From our kitchen cupboards and bathroom cabinets to our cars, clocks and clothes, everyday we make use of products and services deemed excellent. The Drum explores how important the Royal Warrant is as a seal of approval for British products.Look a little closer next time you pour your cereal, put oil in your car, pull on your boots or get pissed, and you may well find the Royal Warrant adorning the product in your hand. From Weetabix and Castrol to Hunter wellies and Strongbow cider, there are no fewer than 800 Royal Warrant Holders across a huge crosssection of trades and industries.Granted by Elizabeth II, the Duke of Edinburgh and the Prince of Wales, the Royal Warrant recognises individuals or companies who have supplied goods or services to the royal household for at least five years. But what do brands make of this seal of approval? Does it hold the kudos it once did and is it worth making a song and dance about? And does it really make any difference to consumers?It has been estimated by Brand Finance that getting the nod from the royal family is worth some £4bn to the 800 or so companies who currently hold a Royal Warrant, with it adding higher demand and prices to companies such as Fortnum and Masons and Berry Brothers. Brand Finance chief executive David Haigh explained in the Brand Finance Journal Jubilee Edition: “The Monarchy is a powerful endorsement for individual and company brands and for the nation brand and we believe that it is making a significant contribution to the task of driving Britain out of the recession.”The benefits of the warrant can be small to some holders, as Brand Finance brand valuation consultant Robert Haigh notes, highlighting “Boots the chemist, DHL, Heinz and Ford” as Royal Warrant holders who “do not frequently advertise the fact”.“On the other hand,” he says, “for brands that trade on values or activities associated with the monarchy, the added value can be very significant.” Haigh explained that research indicated some companies earn up to five per cent of their revenue as a result of the Royal Warrant.Despite this obvious potential benefit, some brands have opted to remove the Royal Warrant from their packaging altogether, with boxes of After Eight and Jacob’s cream cracker range now both devoid of the exclusive emblem.This change reflects current sentiment among consumers according to research carried out by brand design agency Coley Porter Bell which found that the general public attached very little value to warrants.In a survey of 230 adults, Coley Porter Bell found that while 42 per cent of respondents are indifferent, thinking that royal warrants are neither important nor unimportant, 45 per cent think they are not important or not at all important. And only 13 per cent say they are important or very important.The overwhelming majority of those asked (70 per cent) said a Royal Warrant was not likely to influence their purchase of a product.The research found high levels of general awareness of warrants (87 per cent) although perhaps more surprising was that 13 per cent of respondents claimed they were not aware of Royal Warrants.Of those aware of warrants nearly all, 95 per cent, knew of the Queen’s warrant, 74 per cent were aware of Prince Charles warrant, but only 41 per cent said they knew of The Duke Of Edinburgh’s warrant. Only 20 per cent of those asked knew exactly why warrants are granted. Strictly speaking they simply mean that the royals and their households use the product. Sixty-three per cent thought they were an endorsement.The good news for the royals and the royal brand is that while consumers say Royal Warrants don’t influence them, they still have associations of high quality. 83 per cent agreed that warrants suggest quality, 67 per cent said they make a product feel special. Only 24 per cent think they are a waste of time and just over a third (36 per cent) think they are old fashioned and out of date.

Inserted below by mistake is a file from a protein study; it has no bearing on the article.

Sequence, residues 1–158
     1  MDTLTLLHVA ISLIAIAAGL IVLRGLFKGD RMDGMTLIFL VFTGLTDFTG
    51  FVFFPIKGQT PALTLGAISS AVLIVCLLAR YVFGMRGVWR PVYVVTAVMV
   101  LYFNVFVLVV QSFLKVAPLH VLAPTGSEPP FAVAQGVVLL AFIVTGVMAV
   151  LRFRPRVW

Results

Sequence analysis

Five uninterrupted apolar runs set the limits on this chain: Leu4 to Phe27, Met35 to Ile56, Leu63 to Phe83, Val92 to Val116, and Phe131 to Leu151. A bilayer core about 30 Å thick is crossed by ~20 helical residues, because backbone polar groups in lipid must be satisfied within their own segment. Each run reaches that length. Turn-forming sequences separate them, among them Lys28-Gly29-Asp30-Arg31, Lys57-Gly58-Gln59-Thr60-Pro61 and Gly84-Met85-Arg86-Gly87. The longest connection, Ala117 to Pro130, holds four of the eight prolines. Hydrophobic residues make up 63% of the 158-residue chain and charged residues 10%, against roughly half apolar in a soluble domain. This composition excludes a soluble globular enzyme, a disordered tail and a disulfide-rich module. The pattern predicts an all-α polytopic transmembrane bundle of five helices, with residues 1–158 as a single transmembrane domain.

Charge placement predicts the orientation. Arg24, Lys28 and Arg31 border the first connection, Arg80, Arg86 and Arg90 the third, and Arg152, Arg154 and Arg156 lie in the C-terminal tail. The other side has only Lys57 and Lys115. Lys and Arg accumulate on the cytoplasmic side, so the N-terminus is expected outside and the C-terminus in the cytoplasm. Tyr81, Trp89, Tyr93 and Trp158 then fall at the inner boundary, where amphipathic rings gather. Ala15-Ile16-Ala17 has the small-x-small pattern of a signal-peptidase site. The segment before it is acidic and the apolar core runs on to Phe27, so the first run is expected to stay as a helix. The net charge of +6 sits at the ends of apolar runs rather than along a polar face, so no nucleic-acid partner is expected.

By Royal Appointment - the use of the Royal Warrant
This article is about: